I recently returned from Illinois, where I had an opportunity to share our new research into the impact of income taxA tax is a mandatory payment or charge collected by local, state, and national governments from individuals or businesses to cover the costs of general government services, goods, and activities. changes on employers in Illinois.
The first plans we covered, from Representative Jakobsson and the Center on Tax and Budget Accountability (CTBA), had top rates of 9 and 11 percent. Then House Speaker Michael Madigan (D) offered a plan for a 3 percent millionaire tax bracketA tax bracket is the range of incomes taxed at given rates, which typically differ depending on filing status. In a progressive individual or corporate income tax system, rates rise as income increases. There are seven federal individual income tax brackets; the federal corporate income tax system is flat. . While I was there, Senator Don Harmon (D) released a rate schedule for a plan with a top rate of 6.9 percent. And in his budget address today, Governor Quinn called for an extension of the temporary 5 percent income tax, which is currently scheduled to drop to 3.75 percent in 2015.
With so many plans, ranging from full progressive income tax schedules to high-earner taxes to different flat taxAn income tax is referred to as a “flat tax” when all taxable income is subject to the same tax rate, regardless of income level or assets. rates, I thought it could be helpful to offer a comparison. The chart below shows what the marginal tax rateThe marginal tax rate is the amount of additional tax paid for every additional dollar earned as income. The average tax rate is the total tax paid divided by total income earned. A 10 percent marginal tax rate means that 10 cents of every next dollar earned would be taken as tax. is for each plan at each income level, up to $1,000,000.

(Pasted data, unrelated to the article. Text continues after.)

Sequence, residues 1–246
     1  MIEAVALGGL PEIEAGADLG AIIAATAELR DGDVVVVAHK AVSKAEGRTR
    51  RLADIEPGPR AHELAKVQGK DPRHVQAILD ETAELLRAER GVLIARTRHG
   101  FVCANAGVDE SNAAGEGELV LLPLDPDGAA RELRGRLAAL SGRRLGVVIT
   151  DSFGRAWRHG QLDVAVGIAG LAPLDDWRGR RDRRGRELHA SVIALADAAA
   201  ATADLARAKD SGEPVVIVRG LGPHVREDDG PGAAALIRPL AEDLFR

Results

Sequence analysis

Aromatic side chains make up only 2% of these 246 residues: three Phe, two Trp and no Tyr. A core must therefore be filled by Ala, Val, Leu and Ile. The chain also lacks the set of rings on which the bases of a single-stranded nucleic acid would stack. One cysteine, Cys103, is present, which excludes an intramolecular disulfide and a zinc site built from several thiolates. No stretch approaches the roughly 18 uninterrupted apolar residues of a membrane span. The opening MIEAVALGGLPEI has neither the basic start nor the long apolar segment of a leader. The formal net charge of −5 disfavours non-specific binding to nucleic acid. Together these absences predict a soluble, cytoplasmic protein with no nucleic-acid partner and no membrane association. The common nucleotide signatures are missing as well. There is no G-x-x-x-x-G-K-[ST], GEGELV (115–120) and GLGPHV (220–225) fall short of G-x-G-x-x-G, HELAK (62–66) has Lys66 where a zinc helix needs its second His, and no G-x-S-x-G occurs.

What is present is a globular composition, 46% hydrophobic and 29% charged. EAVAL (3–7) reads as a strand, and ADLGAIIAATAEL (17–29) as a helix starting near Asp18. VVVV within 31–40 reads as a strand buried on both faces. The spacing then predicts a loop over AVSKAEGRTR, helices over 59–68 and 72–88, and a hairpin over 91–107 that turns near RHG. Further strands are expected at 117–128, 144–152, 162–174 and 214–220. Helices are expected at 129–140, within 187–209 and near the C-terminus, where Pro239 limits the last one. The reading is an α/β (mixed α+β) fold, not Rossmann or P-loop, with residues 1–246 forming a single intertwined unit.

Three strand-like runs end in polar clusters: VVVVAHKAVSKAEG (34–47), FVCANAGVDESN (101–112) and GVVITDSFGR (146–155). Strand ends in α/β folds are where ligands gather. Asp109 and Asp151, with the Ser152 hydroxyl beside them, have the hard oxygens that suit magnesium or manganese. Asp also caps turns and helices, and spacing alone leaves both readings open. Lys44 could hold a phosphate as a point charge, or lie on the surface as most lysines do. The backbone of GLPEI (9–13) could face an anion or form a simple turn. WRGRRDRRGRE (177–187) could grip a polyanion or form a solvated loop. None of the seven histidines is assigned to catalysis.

There are still some unanswered questions that make analysis of these plans difficult. It’s not clear if any of them will include inflationInflation is when the general price of goods and services increases across the economy, reducing the purchasing power of a currency and the value of certain assets. The same paycheck covers less goods, services, and bills. It is sometimes referred to as a “hidden tax,” as it leaves taxpayers less well-off due to higher costs and “bracket creep,” while increasing the government’s spending power. -indexing, or how they will address married couples filing jointly. There hasn’t been any revenue scoring of these proposals, either.
Chart: Comparing 2015 Rate Structures of Illinois Income Tax Proposals, Marginal Tax Rates by Income Level
Read more on Illinois here.
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